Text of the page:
Assemblyman Phil Ting is seeking to reshape the way bottles and cans are recycled throughout the state.
According to Ting, Assembly Bill 1840, intends to reform the state’s Beverage Container Recycling Program.
Ting said many Californians have decreased recycling because they’re having harder times finding sites where they can collect their California Refund Value refunds. Consumers pay the CRV when they purchase beverages from a store, however, when the containers are recycled, the CRV is refunded.
As a result, he said, recycling in the state has dropped from 85 percent to 75 percent and much of the state’s recyclables end up in landfills.
“We can no longer kick the proverbial can down the road,” Ting, D-San Francisco, said in a statement Jan. 6. “If California is to continue its leadership on the environment, we must deal with this problem that’s been in front of us for years.”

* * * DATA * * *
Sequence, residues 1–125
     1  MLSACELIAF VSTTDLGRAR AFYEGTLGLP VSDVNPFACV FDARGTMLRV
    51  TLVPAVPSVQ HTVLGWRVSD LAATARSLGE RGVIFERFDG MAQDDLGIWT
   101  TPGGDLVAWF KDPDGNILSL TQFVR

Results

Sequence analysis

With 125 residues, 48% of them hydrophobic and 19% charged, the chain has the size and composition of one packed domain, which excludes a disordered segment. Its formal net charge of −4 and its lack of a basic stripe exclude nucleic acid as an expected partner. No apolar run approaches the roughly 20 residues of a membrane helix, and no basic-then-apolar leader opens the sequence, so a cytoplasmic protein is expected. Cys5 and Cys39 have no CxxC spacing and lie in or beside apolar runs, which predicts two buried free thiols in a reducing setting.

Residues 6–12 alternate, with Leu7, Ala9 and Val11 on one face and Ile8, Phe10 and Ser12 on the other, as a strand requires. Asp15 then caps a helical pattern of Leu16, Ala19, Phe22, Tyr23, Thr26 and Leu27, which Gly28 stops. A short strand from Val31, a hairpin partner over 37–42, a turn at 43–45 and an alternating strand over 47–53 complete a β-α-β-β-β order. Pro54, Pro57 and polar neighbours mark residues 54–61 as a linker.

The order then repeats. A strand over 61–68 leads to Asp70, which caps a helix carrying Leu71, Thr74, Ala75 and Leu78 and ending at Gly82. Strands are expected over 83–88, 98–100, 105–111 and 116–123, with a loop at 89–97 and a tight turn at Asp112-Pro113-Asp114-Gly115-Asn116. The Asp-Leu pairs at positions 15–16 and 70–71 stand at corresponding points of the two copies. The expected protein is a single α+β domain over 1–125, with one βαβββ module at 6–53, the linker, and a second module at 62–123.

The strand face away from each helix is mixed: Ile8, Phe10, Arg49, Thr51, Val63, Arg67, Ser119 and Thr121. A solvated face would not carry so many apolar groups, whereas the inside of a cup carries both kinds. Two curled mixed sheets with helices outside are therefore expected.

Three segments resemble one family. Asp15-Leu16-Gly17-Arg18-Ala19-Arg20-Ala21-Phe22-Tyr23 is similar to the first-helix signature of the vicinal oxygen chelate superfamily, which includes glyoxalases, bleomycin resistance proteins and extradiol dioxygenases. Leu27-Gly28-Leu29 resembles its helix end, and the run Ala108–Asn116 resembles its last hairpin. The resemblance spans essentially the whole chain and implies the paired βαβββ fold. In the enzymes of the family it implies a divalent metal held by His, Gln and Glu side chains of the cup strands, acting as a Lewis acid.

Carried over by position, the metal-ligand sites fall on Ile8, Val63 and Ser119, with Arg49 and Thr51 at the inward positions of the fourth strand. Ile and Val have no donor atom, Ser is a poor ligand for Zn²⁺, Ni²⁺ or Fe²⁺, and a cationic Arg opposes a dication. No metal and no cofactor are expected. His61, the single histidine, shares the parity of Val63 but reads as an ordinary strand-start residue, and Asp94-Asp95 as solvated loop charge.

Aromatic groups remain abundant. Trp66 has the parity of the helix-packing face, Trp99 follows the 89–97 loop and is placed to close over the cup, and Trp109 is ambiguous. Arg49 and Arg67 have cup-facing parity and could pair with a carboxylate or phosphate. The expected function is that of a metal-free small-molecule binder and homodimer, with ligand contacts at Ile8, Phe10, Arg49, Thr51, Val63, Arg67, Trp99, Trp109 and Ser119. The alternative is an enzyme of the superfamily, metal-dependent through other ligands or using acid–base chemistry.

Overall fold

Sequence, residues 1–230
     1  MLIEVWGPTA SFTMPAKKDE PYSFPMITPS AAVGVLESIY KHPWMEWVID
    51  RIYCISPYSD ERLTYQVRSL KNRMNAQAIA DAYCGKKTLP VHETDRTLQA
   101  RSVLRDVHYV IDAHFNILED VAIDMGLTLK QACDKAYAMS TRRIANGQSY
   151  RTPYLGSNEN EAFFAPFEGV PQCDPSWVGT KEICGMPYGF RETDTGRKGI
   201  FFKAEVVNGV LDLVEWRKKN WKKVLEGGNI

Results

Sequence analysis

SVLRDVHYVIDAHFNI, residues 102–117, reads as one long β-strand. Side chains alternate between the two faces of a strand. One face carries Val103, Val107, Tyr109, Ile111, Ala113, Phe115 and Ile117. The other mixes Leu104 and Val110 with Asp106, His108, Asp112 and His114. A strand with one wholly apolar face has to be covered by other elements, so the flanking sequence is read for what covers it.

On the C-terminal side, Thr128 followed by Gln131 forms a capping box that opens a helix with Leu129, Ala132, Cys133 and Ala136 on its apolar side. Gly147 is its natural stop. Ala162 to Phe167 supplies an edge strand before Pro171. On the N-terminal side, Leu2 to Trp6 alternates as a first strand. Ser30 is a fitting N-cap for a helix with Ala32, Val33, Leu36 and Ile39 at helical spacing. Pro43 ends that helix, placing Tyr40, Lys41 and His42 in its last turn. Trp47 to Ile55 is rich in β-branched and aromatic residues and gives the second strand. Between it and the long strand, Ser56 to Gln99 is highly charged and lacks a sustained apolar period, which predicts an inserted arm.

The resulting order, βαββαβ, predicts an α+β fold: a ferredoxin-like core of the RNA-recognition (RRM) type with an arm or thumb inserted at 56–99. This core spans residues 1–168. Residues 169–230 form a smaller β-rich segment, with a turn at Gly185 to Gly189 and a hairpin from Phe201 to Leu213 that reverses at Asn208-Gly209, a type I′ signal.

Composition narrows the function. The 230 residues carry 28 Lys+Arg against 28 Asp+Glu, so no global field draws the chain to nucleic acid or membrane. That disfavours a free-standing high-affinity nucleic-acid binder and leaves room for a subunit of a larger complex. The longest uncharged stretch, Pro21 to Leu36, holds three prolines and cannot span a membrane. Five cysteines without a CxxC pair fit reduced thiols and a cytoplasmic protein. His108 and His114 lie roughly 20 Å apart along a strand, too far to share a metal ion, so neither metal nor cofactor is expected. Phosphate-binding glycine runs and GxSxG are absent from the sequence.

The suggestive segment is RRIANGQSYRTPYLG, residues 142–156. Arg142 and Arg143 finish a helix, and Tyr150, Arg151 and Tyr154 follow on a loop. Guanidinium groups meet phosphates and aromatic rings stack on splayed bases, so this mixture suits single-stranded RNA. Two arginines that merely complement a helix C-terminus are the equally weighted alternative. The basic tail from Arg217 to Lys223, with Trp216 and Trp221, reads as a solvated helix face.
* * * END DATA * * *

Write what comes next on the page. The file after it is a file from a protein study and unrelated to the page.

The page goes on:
Ting’s bill builds off of AB 54, which took effect in October and helped launch five mobile recycling programs in areas severely impacted by the closure of CRV redemption sites.
The state’s one-time largest recycling company rePlanet closed its 284 remaining sites throughout California last summer.
The firm closed hundreds of locations due to a decrease in the price of aluminum and recycled plastics, coupled with international waste material market conditions, Ting’s office said.